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What is a wolf tone? Why and how does a wolf tone occur?
The wolf tone is a wavering – similar to the change between a developing and collapsing tone – of the vibration in the strongest main resonance of the instrument’s body.
Different instruments have different wolf tone areas:
- Violin and viola: both instruments should not have a wolf tone, but it frequently occurs. There are up to two wolf tone areas here, and up to three buzzing areas. A wolf tone is always located on the main resonance of the instrument. For violins, this is usually the G-string, or sometimes the D-string. For violas, it is the G-string or sometimes the C-string.
- Cello: The cello has a significant wolf tone area. This is normally located on the G-string.
- Double bass: That’s the most prone instrument to the wolf tone. It has up to five wolf tone areas. In principle, the wolf tone can occur anywhere, but it is particularly problematic on the E-string.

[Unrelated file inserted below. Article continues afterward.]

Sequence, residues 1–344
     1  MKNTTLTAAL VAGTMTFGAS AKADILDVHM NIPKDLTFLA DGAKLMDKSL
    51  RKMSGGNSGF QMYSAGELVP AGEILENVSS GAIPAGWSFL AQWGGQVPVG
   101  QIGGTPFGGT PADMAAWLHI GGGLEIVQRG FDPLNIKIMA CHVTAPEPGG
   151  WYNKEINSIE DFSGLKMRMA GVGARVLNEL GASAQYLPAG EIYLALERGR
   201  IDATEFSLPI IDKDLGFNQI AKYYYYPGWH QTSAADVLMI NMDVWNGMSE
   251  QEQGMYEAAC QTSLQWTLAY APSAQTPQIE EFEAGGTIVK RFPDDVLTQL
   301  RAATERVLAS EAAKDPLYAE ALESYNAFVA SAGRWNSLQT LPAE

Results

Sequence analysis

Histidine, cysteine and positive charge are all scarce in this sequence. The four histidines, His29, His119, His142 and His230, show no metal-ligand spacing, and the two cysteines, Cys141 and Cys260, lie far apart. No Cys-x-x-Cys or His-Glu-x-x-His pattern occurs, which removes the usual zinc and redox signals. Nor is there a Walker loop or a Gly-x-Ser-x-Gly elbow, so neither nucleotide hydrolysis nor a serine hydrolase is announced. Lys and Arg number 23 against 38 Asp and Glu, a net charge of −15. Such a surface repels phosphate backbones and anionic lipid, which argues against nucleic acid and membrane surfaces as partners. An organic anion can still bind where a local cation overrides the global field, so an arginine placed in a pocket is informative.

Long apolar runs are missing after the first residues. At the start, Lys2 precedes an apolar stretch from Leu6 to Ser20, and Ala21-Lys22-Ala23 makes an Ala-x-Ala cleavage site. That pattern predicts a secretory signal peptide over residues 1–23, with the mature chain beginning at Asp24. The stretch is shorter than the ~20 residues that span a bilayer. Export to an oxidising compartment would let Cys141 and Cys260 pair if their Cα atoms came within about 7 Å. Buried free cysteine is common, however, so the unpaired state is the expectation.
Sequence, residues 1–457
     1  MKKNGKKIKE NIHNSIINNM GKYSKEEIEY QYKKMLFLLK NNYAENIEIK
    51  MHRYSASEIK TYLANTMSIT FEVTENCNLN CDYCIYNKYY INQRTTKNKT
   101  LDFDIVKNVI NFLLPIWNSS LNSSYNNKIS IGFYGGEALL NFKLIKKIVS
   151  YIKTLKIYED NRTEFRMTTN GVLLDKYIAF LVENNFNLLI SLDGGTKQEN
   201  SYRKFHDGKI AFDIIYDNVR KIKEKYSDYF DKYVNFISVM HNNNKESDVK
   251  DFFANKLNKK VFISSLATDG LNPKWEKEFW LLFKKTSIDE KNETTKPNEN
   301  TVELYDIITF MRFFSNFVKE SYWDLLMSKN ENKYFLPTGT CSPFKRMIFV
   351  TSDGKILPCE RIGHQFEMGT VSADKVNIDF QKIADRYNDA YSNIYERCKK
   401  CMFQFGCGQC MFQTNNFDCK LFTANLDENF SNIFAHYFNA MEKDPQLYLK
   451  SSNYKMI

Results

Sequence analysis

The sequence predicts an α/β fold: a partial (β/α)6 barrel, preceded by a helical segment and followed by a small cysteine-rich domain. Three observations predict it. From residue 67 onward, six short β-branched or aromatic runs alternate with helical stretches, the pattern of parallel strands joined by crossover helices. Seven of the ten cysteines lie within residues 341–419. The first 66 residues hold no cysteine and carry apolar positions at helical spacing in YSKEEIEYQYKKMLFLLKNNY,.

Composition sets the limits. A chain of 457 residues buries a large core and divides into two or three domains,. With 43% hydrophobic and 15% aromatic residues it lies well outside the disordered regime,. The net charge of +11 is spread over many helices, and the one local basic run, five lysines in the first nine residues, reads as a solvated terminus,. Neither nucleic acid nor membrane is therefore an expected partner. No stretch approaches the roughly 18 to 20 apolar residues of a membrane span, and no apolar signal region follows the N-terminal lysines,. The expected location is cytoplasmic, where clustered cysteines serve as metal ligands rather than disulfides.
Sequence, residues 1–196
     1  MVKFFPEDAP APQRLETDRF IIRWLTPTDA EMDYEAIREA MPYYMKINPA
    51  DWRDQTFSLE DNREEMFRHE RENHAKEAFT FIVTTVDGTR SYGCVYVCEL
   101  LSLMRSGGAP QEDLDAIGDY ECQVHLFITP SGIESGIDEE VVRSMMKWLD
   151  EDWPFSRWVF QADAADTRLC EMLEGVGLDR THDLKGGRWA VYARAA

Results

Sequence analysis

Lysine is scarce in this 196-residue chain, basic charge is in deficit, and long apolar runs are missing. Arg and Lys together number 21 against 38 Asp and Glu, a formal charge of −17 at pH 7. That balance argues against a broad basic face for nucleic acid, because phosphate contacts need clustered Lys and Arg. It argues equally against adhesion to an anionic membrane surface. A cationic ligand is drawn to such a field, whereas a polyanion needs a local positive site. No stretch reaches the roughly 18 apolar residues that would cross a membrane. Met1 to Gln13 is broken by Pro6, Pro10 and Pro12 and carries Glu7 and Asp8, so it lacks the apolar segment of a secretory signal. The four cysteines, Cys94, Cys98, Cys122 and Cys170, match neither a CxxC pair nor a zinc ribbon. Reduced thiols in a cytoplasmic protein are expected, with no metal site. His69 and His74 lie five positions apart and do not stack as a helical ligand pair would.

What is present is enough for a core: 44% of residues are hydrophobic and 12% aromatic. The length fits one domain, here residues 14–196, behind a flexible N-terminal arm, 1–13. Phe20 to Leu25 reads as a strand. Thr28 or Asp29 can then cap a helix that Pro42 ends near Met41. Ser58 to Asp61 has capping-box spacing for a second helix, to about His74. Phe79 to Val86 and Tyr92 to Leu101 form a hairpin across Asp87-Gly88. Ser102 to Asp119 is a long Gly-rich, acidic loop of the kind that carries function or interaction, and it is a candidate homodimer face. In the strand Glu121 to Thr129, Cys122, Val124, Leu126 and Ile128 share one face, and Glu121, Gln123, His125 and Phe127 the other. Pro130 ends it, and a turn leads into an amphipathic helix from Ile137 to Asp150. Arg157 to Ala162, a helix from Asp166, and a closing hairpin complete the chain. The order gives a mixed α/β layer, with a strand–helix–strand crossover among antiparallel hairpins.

The wolf tone is an interaction of string and soundboard vibration, like with a dance couple whose steps must match rhythmically. A wolf tone occurs in instruments, whose soundboard has too little damping. The cause is the coupling of the string vibration and the vibration of the insufficiently damped soundboard. As a result, the vibration of the string and the soundboard do not fit together and the vibration collapses - comparable with a dance couple where one suddenly stands on the other’s foot and the whole vibration, the dance itself, is interrupted.
To produce lots of sound colors and overtones, a cello needs a wolf tone and a bass needs a number of wolf tones. However, violins and violas do not need it. The reason is the size of the instrument – to be exact, the relationship between the soundboard size and the soundboard thickness. The larger the instrument, the thinner the soundboard in comparison (in brief: the surface of the soundboard increases, but the thickness of the soundboard does not increase proportionally). As a result, the damping is reduced. And, as you now know, a wolf tone occurs in instruments, whose soundboard has too little damping.